Comparing our dataset with other published series, we found the mean age of 58 years comparable [4,5]. We identified the male to female ratio of 2.22:1, which was consistent with previous results that males were most frequently affected [1]. Nicotine was found to promote brain metastasis [20]. We noticed 84.6% (n=26) ISCM-LC patients smoked, and similar explanation of nicotine fostering ISCM seemed reasonable but required further proofs. Concerning localization of ISCM lesions, there seemed to be no tendency for ISCM to affect particular sections, which was consistent with a large series [1]. Conversely, some single institutes drew distinctive conclusions, which possibly reflected the selection bias [5,21]. ISCM frequently occurred with surrounding edema in our dataset (83.3%, n=48), distorting the spinal cord and causing symptoms [1]. First came limb weakness followed by paresthesia, pain and so [1,2,4]. However, there were also some asymptomatic cases (6.2%, n=161). Considering the insidious feature of lung cancer and densely distributed functional areas of spinal cord, ISCM as the primary emerge (31.2%, n=141) might be understandable. Some deterioration was rapid, and we noticed 45% (n=80) cases worsened within half a month. Some investigators, therefore, advised to differentiate ISCM from other primary spinal neoplasms using this characteristic [1,22]. Limited by case numbers, most studies focused on ISCM from all malignancies [2,4,7]. One large series revealed SCLC was the most common subtype, followed by adenocarcinoma and squamous carcinoma. This proportion was roughly reflected in our dataset.
Concomitant metastasis was frequently observed in published cases [23]. We identified concomitant brain metastasis in 55.8% (n=138), leptomeningeal metastasis in 20% (n=125), and vertebral metastasis in 19.5% (n=118) ISCM-LC cases. The concomitant brain metastasis was comparable to the percentages given by Sung et al. [1] and Goyal et al. [4] Interestingly, Hashii et al. [9] concluded that occurrence of brain metastasis was around sixfold higher in ISCM patients than those in vertebral metastasis cases.
Accurate recognition is a tough challenge. Magnetic resonance imaging (MRI) remains first-line diagnostic tool [24]. Before MRI came into use, most ISCM-LC cases were diagnosed only upon autopsy [25,26]. Only 5% were diagnosed before death [27]. PET-CT was considered a promising technique for metastasis localization [28]. Spinal cord provided a favorable tumor-to-background with fluorine-18 fluorodeoxyglucose contrast, and ISCM, therefore, turned more amenable for detection on whole-body scan [28,29]. This was noted to have 96% sensitivity and 50% specificity for ISCM [29].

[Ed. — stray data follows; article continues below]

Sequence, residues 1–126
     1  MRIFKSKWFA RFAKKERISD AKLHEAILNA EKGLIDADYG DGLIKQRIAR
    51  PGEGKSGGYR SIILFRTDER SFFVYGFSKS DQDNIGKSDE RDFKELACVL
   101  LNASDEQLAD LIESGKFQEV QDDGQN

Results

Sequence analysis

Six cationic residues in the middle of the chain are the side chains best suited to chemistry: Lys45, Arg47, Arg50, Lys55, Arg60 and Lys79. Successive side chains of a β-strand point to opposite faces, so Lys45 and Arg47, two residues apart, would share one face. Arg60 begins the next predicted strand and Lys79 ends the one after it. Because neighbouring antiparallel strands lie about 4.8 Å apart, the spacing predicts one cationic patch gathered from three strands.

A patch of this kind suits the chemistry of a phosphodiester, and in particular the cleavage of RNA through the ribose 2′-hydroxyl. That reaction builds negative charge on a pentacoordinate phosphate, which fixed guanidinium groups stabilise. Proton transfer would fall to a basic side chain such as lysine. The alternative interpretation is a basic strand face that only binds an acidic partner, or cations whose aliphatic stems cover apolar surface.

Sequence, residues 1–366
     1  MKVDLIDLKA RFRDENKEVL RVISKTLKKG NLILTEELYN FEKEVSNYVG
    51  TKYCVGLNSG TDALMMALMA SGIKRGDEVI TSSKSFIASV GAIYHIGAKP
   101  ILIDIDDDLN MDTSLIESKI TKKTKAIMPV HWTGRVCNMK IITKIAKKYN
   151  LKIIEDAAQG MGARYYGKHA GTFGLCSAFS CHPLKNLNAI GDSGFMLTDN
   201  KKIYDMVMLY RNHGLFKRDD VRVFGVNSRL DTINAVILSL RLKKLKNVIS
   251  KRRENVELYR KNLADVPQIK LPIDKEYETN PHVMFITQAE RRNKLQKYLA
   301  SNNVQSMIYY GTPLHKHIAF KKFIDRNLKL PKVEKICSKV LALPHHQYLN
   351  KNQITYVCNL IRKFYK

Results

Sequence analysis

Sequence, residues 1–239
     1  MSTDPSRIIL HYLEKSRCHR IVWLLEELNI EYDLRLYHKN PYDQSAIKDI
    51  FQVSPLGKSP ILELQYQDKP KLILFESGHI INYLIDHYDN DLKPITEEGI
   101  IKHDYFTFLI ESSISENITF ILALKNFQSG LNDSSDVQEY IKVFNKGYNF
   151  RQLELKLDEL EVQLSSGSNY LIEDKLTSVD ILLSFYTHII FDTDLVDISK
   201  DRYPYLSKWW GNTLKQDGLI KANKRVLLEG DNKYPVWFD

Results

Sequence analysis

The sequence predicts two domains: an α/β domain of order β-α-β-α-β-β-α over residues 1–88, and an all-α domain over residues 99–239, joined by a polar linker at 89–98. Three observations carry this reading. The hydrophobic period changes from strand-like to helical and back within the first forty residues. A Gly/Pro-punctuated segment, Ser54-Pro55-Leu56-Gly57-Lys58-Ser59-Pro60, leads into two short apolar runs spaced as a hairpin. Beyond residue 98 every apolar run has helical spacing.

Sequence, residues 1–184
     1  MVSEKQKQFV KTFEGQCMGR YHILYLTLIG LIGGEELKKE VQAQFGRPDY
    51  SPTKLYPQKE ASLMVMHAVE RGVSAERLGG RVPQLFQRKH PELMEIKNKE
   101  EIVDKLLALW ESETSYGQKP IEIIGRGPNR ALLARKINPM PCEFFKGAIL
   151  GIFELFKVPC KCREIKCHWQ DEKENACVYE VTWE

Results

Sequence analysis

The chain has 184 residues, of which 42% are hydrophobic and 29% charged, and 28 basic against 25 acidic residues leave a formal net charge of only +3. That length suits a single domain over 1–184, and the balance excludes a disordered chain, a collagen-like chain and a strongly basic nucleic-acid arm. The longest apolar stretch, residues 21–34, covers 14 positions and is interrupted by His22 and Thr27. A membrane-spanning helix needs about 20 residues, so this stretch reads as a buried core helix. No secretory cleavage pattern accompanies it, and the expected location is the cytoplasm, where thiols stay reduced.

2. Treatments and Prognostic Factors

Optimal treatment modalities remain unestablished. Surgical resection was proposed by neurosurgeons in the presence of good preoperative KPS, or rapidly declining neurological deficits, or indolent and solitary spinal cord lesion without brain metastasis, or radiation failure, or the necessity to locate the primary malignancy [4,5,8,21,30]. Conversely, the presence of leptomeningeal carcinomatosis generally portends grim prognosis, surgical removal of ISCM should be considered cautiously [30]. Some investigators also argued surgery should not be recommended when patients were experiencing complete paraplegia or in asymptomatic status [21]. We noticed surgery was performed less in patients with ISCM from SCLC than NSCLC. Though, we lacked information on preoperative neurological statuses for individual cases and left this unexplained. Surgery was a protective factor, reducing mortality risk by 62.1%. This conclusion that surgery favors better OS in selected cases was consistent with many studies [4,21,30]. We believe the benefits of surgery were attributed to decompression, reducing tumor load, and improving symptoms. The correlation of surgery and better symptom improvement (Pearson chi-square test, p=0.013) might have indicated better local control. However, the necessity of GTR was not proved, and radical resection might lead to irreversible deficits [7]. Similarly, we failed to conclude patients undergoing GTR achieved better OS than non-GTR receiver (Log-rank test, p=0.611). We believe radical resection could cause extra damage to the spinal cord, and thus add no extra benefit to OS. Moreover, the investigator also concluded that STR followed by adjuvant therapy seemed a valid option [7]. Interestingly, we hardly found significance in surgical adjunct with respect to achieving better OS than surgery alone through multivariate Cox analysis.